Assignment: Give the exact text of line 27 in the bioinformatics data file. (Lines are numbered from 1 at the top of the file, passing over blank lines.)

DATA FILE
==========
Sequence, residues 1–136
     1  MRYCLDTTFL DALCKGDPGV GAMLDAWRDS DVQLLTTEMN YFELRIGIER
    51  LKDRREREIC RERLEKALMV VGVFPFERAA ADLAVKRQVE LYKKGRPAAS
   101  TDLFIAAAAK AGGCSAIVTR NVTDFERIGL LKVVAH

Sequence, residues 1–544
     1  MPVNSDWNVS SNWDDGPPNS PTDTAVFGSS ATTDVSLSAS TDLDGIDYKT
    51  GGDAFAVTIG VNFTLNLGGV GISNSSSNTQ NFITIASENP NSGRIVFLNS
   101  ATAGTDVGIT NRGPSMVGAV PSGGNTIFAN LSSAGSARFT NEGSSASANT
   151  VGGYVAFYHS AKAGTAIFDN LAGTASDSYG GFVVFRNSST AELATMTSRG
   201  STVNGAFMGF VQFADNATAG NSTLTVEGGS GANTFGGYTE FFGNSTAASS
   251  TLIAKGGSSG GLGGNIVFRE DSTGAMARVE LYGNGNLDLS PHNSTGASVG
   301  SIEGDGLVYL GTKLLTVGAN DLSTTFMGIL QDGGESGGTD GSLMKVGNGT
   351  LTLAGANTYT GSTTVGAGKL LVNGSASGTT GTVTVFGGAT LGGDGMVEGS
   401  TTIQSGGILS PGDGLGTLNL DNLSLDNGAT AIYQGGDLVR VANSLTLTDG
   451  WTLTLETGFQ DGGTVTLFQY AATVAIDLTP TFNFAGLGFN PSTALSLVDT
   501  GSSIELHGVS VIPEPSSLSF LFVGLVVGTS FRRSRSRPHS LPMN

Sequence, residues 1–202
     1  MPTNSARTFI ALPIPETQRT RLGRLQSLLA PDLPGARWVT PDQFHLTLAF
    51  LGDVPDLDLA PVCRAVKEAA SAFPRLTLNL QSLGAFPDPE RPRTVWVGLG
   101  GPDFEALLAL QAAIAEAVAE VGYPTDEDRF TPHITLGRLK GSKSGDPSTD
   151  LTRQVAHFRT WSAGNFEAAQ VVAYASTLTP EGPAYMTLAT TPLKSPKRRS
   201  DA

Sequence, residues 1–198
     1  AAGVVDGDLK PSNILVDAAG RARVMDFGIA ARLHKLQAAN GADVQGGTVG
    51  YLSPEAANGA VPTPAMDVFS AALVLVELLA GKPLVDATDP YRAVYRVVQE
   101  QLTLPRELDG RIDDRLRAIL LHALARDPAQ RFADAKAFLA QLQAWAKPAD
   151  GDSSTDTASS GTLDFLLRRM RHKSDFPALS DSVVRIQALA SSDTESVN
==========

   151  GDSSTDTASS GTLDFLLRRM RHKSDFPALS DSVVRIQALA SSDTESVN